International negotiations on a new climate treaty seemed stuck throughout the 2000s and early 2010s until negotiators agreed to the Paris Agreement on Climate Change in 2015. One of the major innovations in the Paris Agreement that enabled a breakthrough was the adoption of a new way of setting countries’ greenhouse gas mitigation targets. Under the Kyoto Protocol, states negotiated at the United Nations climate conference over what each country’s target would be and then negotiators took their agreed target back to national parliaments to be approved domestically. In a particularly prominent case, the United States Senate refused to ratify the target that the Clinton Administration had negotiated for the United States leading the United States to not join the Kyoto Protocol—at the time, the most important treaty for managing climate change.
In Paris, negotiators flipped the script. Instead of setting targets through inter-state negotiations, each country’s government deliberated domestically and then put forward their own target. The trick with this design is to encourage countries to set targets that fully express their maximum ambition in mitigating and adapting to climate change—no shirking! If negotiators were satisfied that the targets were ambitious enough, then the Paris Agreement would be adopted. Previous research from before Paris has shown that the collective ambition of these targets is not enough to prevent 1.5C of warming—we’re on track for more like 3.5C—but the Paris Agreement was adopted anyway.
Ultimately, the success of the Paris Agreement and future climate treaties will depend on some amount of reciprocity—a belief that different countries are contributing their fair share. One of the bedrocks of reciprocity is transparency—the ability to see and evaluate what one’s counterparts have pledged to do and are doing. In many ways, the targets that countries set for themselves and that form the backbone of the Paris Agreement are not transparent, or at least they contain a number of tricks and pitfalls that make them hard to compare.
One of the clearest ways that national governments mask the extent of their ambition is by manipulating the reference points in their targets. Consider the cases of Canada and Russia—by no means climate leaders. The Canadian government announced its intention to cut Canadian GHG emissions by 25% by 2030, while the Russian government announced its intention to similarly cut Russian emissions by 25–30% in the same time period. However, even though these two targets may appear similar at face value, they mask actual contributions to mitigation since each country benchmarks their percentage cuts using a different historical reference point. Canada benchmarked its Paris GHG target to 2005 emissions levels, while Russia benchmarked its target to 1990 emissions levels. Any actual GHG mitigation depends on both the percentage reduction and the reference point that emissions are to be cut from.
Visualising each country’s emissions trajectory in the 1990–2015 period, at the end of which all countries submitted their intended nationally determined commitments (INDCs) ahead of the Paris climate conference, illustrates that both the Canadian and Russian governments’ choice of reference year exerts a strong influence on the percentage terms that their targets are expressed in. Specifically, the chosen reference years make the percentage reduction appear larger than alternative reference years, since national GHG emissions fluctuate throughout this period. If each country had selected the other’s reference year but still chosen to target the same absolute GHG emissions level in 2030 as in their original INDC, Canada’s headline percentage emissions reduction would be only 16.5% from 1990 levels and Russia’s would be an increase of 8.7–16.6% from 2005 levels. The choice of reference GHG emissions levels has enormous consequences for actual GHG emissions flows under the Paris Agreement and measuring each country’s contribution to mitigating climate change.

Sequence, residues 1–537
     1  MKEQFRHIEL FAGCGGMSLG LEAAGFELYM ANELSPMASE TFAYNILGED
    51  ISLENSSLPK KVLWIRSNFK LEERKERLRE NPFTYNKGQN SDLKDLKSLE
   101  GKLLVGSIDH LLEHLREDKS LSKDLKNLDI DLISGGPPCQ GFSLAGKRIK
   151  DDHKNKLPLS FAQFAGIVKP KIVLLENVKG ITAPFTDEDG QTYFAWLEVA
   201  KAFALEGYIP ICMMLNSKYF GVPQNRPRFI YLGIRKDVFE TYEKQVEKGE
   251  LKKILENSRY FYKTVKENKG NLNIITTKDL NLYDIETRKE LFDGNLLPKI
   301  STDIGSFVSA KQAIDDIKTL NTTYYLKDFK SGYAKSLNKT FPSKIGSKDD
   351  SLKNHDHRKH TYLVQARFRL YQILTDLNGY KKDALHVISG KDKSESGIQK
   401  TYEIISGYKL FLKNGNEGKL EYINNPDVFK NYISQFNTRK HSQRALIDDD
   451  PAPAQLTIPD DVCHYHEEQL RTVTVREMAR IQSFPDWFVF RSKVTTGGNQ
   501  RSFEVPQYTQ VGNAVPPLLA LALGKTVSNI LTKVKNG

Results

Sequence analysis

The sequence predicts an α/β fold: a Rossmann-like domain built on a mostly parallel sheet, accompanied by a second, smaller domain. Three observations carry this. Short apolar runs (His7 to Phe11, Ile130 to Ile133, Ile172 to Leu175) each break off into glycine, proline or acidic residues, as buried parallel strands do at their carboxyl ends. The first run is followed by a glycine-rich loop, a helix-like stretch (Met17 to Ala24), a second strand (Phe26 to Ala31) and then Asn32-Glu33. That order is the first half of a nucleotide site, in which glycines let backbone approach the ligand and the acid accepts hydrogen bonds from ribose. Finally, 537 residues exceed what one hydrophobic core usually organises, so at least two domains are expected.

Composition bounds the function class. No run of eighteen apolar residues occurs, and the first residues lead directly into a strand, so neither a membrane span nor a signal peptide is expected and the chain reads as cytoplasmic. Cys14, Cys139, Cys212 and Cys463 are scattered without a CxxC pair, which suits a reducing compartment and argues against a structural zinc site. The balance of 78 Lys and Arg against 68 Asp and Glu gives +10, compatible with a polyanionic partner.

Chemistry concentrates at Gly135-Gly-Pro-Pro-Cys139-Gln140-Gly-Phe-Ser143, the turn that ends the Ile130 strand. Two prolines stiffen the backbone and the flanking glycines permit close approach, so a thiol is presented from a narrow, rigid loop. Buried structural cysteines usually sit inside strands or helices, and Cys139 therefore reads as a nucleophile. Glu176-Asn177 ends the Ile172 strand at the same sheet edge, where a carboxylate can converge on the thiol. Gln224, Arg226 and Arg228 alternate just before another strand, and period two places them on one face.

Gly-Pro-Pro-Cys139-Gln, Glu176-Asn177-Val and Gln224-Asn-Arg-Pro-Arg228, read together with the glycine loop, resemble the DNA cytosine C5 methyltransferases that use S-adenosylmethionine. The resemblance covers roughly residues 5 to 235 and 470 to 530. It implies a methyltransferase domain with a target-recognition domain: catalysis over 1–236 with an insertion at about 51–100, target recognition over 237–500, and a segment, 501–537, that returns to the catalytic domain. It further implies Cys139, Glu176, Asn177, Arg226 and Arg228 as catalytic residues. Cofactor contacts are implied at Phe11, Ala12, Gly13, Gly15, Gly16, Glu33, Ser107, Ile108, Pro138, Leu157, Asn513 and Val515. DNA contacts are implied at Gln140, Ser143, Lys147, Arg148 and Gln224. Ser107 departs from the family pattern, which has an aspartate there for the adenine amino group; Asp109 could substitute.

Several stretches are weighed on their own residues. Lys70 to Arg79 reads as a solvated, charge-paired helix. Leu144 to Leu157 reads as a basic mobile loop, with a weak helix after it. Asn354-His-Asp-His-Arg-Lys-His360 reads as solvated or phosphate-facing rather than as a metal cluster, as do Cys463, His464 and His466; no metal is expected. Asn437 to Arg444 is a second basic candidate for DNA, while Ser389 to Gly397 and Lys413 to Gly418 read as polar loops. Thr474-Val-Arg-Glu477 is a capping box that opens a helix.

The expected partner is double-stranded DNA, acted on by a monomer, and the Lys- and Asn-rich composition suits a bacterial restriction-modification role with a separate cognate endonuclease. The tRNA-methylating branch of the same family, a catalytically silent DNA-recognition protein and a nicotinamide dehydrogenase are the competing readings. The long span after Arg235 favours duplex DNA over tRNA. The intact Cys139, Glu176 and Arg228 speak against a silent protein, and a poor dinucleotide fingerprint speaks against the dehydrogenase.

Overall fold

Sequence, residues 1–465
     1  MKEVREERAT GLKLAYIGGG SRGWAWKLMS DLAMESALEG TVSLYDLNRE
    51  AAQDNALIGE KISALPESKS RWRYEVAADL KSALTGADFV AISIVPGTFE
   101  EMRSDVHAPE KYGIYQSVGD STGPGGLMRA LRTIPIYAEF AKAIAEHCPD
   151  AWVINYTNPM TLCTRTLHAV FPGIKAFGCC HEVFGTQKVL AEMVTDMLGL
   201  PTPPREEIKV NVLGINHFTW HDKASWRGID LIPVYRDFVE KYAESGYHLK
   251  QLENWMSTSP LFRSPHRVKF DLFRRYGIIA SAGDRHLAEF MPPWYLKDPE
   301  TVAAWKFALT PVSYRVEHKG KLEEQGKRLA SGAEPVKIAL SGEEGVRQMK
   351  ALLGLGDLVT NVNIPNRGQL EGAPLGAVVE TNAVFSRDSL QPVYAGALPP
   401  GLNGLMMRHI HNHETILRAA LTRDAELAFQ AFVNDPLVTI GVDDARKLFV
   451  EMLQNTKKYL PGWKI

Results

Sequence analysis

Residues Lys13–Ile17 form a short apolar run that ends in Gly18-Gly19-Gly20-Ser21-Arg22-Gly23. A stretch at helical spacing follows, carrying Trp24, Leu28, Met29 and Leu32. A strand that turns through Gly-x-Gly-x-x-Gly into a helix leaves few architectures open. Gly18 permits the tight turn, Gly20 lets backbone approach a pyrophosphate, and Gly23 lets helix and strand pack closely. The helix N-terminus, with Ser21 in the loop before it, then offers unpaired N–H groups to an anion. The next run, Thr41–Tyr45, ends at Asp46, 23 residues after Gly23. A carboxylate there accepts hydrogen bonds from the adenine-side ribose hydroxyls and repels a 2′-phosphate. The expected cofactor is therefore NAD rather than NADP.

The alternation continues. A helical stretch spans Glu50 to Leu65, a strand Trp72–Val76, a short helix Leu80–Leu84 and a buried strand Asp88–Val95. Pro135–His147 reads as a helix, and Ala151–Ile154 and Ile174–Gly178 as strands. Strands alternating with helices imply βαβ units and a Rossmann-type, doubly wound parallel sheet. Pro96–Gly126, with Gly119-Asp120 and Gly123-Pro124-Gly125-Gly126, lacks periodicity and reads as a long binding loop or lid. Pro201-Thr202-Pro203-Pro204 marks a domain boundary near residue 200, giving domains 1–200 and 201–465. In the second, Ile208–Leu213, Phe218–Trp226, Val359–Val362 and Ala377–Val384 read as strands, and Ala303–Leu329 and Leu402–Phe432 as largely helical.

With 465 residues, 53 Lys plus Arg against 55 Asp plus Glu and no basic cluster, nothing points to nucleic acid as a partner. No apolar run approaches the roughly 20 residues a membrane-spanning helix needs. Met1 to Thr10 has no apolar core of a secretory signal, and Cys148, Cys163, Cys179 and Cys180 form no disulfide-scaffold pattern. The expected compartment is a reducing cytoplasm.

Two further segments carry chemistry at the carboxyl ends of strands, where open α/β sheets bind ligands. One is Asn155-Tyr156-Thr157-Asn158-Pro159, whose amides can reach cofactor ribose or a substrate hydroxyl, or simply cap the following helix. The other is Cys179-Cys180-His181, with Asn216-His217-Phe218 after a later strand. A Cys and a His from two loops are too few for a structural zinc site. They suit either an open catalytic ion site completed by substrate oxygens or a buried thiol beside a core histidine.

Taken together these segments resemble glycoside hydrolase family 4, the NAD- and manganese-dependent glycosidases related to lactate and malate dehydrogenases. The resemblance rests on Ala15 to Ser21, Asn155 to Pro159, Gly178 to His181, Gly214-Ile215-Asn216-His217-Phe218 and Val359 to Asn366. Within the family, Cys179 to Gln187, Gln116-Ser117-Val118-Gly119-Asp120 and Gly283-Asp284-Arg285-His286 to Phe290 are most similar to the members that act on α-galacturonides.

This point about measuring mitigation in INDCs would be purely semantic were it not already distorting climate research. Failing to account for the structure of the Paris targets led a study to conclude that countries with publics that are more aware of climate change adopted more stringent targets in the Paris Agreement than countries where domestic publics were less aware of climate change. Upon re-analysis, taking account of the structure of the targets, there appears to be no relationship between public opinion and the stringency of countries’ mitigation promises. Many studies do not report how they account for the structure of targets in developing their models, so the extent of this measurement problem in published research remains unclear.
Why might public opinion and the stringency of national emissions not be related in this statistical setup? One explanation could be that countries with more aware publics have not been able to mobilize their awareness to pressure political leaders. Powerful fossil fuel interests have long blocked national climate policies. It could also be the case that countries with more aware publics still haven’t prioritized climate change on domestic political agendas, compared to education, health care, or other topics. If this is the case, then perhaps the recent Extinction Rebellion protests in the UK, Greta Thunberg’s transnational school strikes, and the global push for a Green New Deal might be raising the profile of climate change enough for politicians to take action.
Read the full published paper here.
Photo by Fabian Stroobants
Sam Rowan, Postdoctoral Research Fellow Climate Econometrics, Nuffield College